Senior economics reporter
Federal Reserve Board Chairman Jerome Powell said the risks of the economy overheating or slowing down sharply are ‘roughly balanced.’
Saying that monetary policy “should be a mystery to no one,” Federal Reserve Chairman Jerome Powell on Tuesday made clear the central bank plans to continue raising interest rate at a pace of once every three months, at least “for now.”
“With a strong job market, inflation close to our objective, and the risks to the outlook roughly balanced, the FOMC believes that – for now – the best way forward is to keep gradually raising the federal funds rate,” Powell told the Senate Banking Committee.
Related: Powell testifies before Congress — live video and blog
Powell’s prepared remarks were upbeat. He said the economy was growing at a “solid pace,” and the unemployment rate was expected to fall further. Even the recent pickup in inflation, toward the Fed’s 2% target, was “encouraging,” he said. Powell pointed to “good news” in the decline in the unemployment rates for African Americans and Hispanics. While wage gains was moderate, “it also tells us that the job market is not causing high inflation,” he said.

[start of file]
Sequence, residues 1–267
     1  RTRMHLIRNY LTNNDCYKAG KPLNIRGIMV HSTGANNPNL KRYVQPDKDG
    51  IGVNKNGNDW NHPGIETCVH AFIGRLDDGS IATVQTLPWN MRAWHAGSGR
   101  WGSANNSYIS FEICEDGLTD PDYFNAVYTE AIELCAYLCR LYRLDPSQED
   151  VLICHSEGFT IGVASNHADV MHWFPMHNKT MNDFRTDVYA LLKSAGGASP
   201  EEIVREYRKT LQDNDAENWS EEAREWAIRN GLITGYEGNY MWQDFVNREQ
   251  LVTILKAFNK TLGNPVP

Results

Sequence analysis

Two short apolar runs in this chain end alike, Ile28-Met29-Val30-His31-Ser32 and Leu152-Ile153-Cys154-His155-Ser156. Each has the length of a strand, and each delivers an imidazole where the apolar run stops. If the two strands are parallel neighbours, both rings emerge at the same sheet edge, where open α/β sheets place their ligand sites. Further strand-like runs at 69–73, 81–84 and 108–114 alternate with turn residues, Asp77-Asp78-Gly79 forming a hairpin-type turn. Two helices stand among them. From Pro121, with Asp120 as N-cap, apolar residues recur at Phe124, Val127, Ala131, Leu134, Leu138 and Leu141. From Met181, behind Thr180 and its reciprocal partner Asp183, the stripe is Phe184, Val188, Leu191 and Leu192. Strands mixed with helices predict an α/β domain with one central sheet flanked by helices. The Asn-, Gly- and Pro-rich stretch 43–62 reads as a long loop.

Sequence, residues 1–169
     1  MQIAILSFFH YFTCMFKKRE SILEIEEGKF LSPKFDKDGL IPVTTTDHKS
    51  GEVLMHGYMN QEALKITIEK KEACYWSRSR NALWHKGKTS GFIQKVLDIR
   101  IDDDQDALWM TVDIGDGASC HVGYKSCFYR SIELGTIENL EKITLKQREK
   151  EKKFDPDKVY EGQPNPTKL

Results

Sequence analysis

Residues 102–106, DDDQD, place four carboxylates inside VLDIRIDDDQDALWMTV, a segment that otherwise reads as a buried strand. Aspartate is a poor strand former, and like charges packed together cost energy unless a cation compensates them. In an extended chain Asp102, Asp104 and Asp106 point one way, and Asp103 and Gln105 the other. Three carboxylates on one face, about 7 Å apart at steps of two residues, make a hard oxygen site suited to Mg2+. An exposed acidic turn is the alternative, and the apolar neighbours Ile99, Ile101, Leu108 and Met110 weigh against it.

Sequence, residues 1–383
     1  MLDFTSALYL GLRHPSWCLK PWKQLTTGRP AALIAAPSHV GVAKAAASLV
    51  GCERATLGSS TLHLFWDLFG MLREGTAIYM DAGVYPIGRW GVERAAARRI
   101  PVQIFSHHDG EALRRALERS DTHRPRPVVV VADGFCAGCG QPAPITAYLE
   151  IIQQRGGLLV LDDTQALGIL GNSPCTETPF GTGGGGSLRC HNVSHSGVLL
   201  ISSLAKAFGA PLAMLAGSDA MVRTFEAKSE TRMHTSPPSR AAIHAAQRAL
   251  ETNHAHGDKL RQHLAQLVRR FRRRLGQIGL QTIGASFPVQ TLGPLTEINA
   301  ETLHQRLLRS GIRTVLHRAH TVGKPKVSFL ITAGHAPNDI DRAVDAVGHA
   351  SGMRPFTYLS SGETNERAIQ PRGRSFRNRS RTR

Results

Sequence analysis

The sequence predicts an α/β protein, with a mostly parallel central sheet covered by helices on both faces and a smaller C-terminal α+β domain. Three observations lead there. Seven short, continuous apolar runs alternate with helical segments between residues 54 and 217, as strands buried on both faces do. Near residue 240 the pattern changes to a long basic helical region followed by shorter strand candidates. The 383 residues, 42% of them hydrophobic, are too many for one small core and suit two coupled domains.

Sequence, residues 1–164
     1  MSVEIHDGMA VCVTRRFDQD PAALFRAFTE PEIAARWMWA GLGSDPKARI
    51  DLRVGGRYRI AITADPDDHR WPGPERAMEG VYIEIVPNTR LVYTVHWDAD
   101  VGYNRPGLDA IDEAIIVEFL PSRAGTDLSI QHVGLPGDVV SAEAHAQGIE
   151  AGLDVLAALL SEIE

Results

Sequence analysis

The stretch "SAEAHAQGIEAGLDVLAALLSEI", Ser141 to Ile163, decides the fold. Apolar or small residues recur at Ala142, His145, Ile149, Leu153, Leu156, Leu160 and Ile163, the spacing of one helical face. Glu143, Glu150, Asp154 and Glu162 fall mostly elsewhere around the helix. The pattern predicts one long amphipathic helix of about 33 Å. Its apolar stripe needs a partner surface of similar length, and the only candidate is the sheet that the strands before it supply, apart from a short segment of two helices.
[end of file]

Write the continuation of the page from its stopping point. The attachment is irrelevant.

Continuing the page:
Related: African-American unemployment rate moves up from record low
At the same time, Powell admitted that trade wars and fiscal policy were key areas of uncertainty in the outlook.
“It is difficult to predict the ultimate outcome of current discussions over trade policy as well as the size and timing of the economic effects of the recent changes in fiscal policy,” Powell said.
But overall, the Fed sees the risks of the economy unexpectedly weakening as “roughly balanced” with the possibility of the economy growing faster than the central bank currently anticipates, the Fed chairman said.
The Fed has already hiked interest rates twice this year to between 1.75%-2% and has penciled in two more quarter-point moves. Investors are pricing in a 60% chance of two rate hikes by year end, according to CME Group’s FedWatch tool.
Read: Fed lifts interest rates and aims for two more moves by end of year
At the same time, the Fed has a policy in place to reduce its holdings of Treasurys and mortgage-backed securities. This program “has been running smoothly,” Powell said.
A key challenge for the Fed will be to keep inflation close to the 2% level, he added.
“We will continue to keep a close eye on inflation with the goal of keeping it near 2%,” Powell said.
The Fed chairman said that the healthy economy, with a strong job market and inflation near 2%, could last for several years.
Several factors are contributing to this positive outlook: financial conditions are favorable to growth, the banking system is much stronger than before the crisis and fiscal policy is stimulative, Powell said. In addition, the outlook for the global economy “remains solid despite greater uncertainties in several parts of the world,” he added.
The yield on 10-year Treasury notes TMUBMUSD10Y, +0.00% was little changed prior to Powell’s testimony while stocks DJIA, -0.06% were down in early morning trading.